Saturday, August 29, 2009

He Must Increase, and I Must Decrease (John the Baptist)

First Reading
Jeremiah 1:17-19

The word of the Lord came to me thus:
Gird your loins! Stand up and say to them whatever I command you. Do not be crushed on their account, as though I would allow you to be crushed before them. Today I have made you a fortified city, an iron pillar and a bronze wall to stand against the whole land—against the kings of Judah, its officials, its priests and the people of the land. They will fight against you but will not overcome you, for I am with you and will rescue you," declares the LORD.

Responsorial Psalm (Psalm 71)
R/ I will sing your salvation.
In you, O LORD, I have taken refuge;
let me never be put to shame.
Rescue me and deliver me in your righteousness;
turn your ear to me and save me.
Be my rock of refuge, to which I can always go;
for you are my rock and my fortress.
Deliver me, O my God, from the hand of the wicked.

For you have been my hope, O LORD,
my confidence since my youth.
From birth I have relied on you;
from my mother’s womb, you have been my strength.

My mouth is filled with your praise,
declaring your splendor all the day long.
O God, you have taught me since my youth,
and to this very day I proclaim your marvelous deeds.

Mark 6:17-29

Herod himself had given orders to have John arrested, and he had him bound and put in prison. He did this because of Herodias, his brother Philip's wife, whom he had married. For John had been saying to Herod, "It is not lawful for you to have your brother's wife." So Herodias nursed a grudge against John and wanted to kill him. But she was not able to, because Herod feared John and protected him, knowing him to be a righteous and holy man. When Herod heard John, he became quite perplexed, yet he liked to listen to him.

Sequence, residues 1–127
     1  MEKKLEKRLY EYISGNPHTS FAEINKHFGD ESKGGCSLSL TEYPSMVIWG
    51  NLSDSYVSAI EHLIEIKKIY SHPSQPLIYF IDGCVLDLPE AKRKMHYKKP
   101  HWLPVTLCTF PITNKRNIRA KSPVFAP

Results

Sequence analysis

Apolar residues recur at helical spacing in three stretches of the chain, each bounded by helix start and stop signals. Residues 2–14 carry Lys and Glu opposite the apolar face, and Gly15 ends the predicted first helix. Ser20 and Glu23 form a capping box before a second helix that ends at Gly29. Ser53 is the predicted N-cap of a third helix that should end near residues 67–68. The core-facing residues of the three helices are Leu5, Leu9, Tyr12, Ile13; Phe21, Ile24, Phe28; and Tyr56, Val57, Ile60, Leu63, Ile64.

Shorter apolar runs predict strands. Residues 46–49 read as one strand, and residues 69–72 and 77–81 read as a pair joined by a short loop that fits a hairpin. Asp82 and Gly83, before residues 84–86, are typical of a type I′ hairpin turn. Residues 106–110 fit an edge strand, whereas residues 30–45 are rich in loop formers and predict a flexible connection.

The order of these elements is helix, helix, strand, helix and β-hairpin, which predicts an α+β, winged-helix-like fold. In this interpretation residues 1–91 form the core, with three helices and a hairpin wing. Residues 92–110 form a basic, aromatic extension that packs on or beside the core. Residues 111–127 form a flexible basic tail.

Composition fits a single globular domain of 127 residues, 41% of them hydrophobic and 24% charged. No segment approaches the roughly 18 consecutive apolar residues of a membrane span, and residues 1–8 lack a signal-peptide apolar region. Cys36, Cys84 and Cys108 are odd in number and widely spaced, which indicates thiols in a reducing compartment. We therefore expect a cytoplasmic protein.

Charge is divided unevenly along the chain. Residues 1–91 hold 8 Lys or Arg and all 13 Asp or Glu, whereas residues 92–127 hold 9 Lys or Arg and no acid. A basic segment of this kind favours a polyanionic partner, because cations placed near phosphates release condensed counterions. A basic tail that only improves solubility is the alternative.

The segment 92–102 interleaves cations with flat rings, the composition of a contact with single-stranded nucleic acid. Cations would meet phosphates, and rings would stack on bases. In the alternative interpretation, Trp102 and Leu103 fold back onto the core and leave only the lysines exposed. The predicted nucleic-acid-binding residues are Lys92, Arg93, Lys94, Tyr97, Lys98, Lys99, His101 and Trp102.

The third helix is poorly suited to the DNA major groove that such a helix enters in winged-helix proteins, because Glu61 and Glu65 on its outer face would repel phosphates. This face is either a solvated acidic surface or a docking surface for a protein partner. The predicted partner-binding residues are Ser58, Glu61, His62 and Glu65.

Finally Herodia's opportunity arose. On his birthday Herod gave a banquet for his high officials and military commanders and the leading men of Galilee. When Salome, the daughter of Herodias came in and danced, she pleased Herod and his dinner guests. The king said to the girl, "Ask me for anything you want, and I'll give it to you." He promised her with an oath, "Whatever you ask I will give you, up to half my kingdom."

She went out and said to her mother, "What shall I ask for?"
"The head of John the Baptist," she answered.

At once the girl hurried in to the king with the request: "I want you to give me right now the head of John the Baptist on a platter."

The king was greatly distressed, but because of his oaths and his dinner guests, he did not want to refuse her. So he immediately sent an executioner with orders to bring John's head. The man went, beheaded John in the prison, and brought back his head on a platter. He presented it to the girl, and she gave it to her mother. On hearing of this, John's disciples came and took his body and laid it in a tomb.

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John, the son of Zachary and Elizabeth, a relative of Mary of Nazareth and her Son, Jesus, was a hermit, who was more at home in the desert than in the towns and villages where most of his kinfolk lived. God has granted him holiness even before his birth, and had gifted him with the power to convert sinners. With these gifts he attracted many of the Jews to the banks of the Jordan where he brought them an even greater blessing: a baptism of repentance and the forgiveness of sins.